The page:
Buy Used
$13.71
FREE Shipping on orders over $35.
Used: Acceptable | Details
Sold by good_clean
Condition: Used: Acceptable
Comment: Free 2-day Prime or free Supersaver shipping. All orders ship fast from the Amazon warehouse with 24/7 Amazon Customer Service and 30-day A-to-Z Satisfaction Guarantee and tracking number.. Free gift messages. Ask about gift wrapping and one-day shipping.
Sell yours for a Gift Card
We'll buy it for $1.56
Learn More
Trade in now
Have one to sell? Sell on Amazon
Flip to back Flip to front
Listen Playing... Paused   You're listening to a sample of the Audible audio edition.
Learn more
See this image

X-Men Visionaries: Jim Lee TPB Paperback – October 28, 2002


See all 2 formats and editions Hide other formats and editions
Amazon Price New from Used from
Paperback
"Please retry"
$35.95 $9.73
Year-End%20Deals%20in%20Books
NO_CONTENT_IN_FEATURE

Best Books of the Month
Best Books of the Month
Want to know our Editors' picks for the best books of the month? Browse Best Books of the Month, featuring our favorite new books in more than a dozen categories.

Product Details

  • Series: X-Men Visionaries
  • Paperback: 304 pages
  • Publisher: Marvel Comics (October 28, 2002)
  • Language: English
  • ISBN-10: 0785109218
  • ISBN-13: 978-0785109211
  • Product Dimensions: 6.6 x 0.5 x 10.2 inches
  • Shipping Weight: 1.4 pounds
  • Average Customer Review: 4.1 out of 5 stars  See all reviews (11 customer reviews)
  • Amazon Best Sellers Rank: #360,147 in Books (See Top 100 in Books)

More About the Author

Chris Claremont is best known for his work on Marvel Comics' The Uncanny X-Men, during which time it was the bestselling comic in the Western Hemisphere; he has sold more than 100 million comic books to date. Recent projects include the dark fantasy novel Dragon Moon and Sovereign SevenTM, a comic book series published by DC Comics. He lives in Brooklyn, New York.George Lucas is the founder of Lucasfilm Ltd., one of the world's leading entertainment companies. He created the Star Wars and Indiana Jones film series. Among his story credits are THX 1138, American Graffiti, and the Star Wars and Indiana Jones films. He lives in Marin County, California.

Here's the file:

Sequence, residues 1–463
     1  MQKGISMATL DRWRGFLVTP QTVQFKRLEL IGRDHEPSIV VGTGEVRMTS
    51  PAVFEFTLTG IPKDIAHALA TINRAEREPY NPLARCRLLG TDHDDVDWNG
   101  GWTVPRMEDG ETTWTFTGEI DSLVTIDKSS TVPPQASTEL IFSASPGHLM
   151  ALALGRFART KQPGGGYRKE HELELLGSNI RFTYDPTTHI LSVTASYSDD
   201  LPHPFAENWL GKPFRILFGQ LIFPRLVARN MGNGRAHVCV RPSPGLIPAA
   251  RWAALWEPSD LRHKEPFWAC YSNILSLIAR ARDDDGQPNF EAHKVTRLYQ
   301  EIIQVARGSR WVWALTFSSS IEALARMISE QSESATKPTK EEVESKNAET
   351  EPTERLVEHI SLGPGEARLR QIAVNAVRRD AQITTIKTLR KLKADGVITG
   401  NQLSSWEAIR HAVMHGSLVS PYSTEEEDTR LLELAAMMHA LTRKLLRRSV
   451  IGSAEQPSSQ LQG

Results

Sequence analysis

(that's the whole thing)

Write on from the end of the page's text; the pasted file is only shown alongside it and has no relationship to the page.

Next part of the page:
Customer Reviews

Most of the artwork is drawn by Jim Lee.
N. Kok
I would recommend anyone who is an X-Men, Jim Lee, or just good comic fan enthusiast!
Chris Didyoung
The visuals are also printed very well, being both sharp and colorful.
may-britt torgersen

Most Helpful Customer Reviews

18 of 19 people found the following review helpful By Justin G. TOP 500 REVIEWERVINE VOICE on July 27, 2008
Format: Paperback
In the early1990's the X-Men were the best selling comics around, and that had a lot to do with superstar artist Jim Lee. Lee's stylized and action-oriented artwork was the perfect counterpart to Chris Claremont's dynamic characters, and he soon became the definitive X-Men artist, as well as one of the decade's most imitated. The X-Men: Visionaries - Jim Lee trade paperback collects every single issue of Uncanny X-Men that Jim Lee worked on, including:

Uncanny X-Men #248 - This throwaway Nanny story was really only significant for being Lee's first issue on the title.

Uncanny X-Men #256-258 - This killer 3-part series, which was part of Marvel's Acts of Vengeance crossover, brought Wolverine back to Asia, completely overhauled the Psylocke character, and put our heroes up against the Hand and the Mandarin. This story, which drew inspiration from the best Asian cinema, was one of the most memorable Claremont/Lee collaborations.

Uncanny X-Men #268 - Still regarded as one of the best single-issue X-Men stories of all time, this issue chronicled the first meeting of Wolverine and Captain America, and brought their adventure full circle 50 years later. The Black Widow also plays a major role.

Uncanny X-Men #269 - This issue features Rogue in a solo adventure that takes her all the way to the Savage Land to encounter none other than Magneto. This one sets the bar pretty high for all future "hot chick in the jungle" stories!

Uncanny X-Men #273-277 - This storyline is focused on two major events. The first features Rogue, Magneto, Ka-Zar, and Nick Fury in the Savage Land against the new mistress of magnetism Zaladane. The second finds the rest of the X-Men sent to space to encounter the Shi'Ar, the Starjammers, and their mentor Professor X.
Read more ›
Comment Was this review helpful to you? Yes No Sending feedback...
Thank you for your feedback. If this review is inappropriate, please let us know.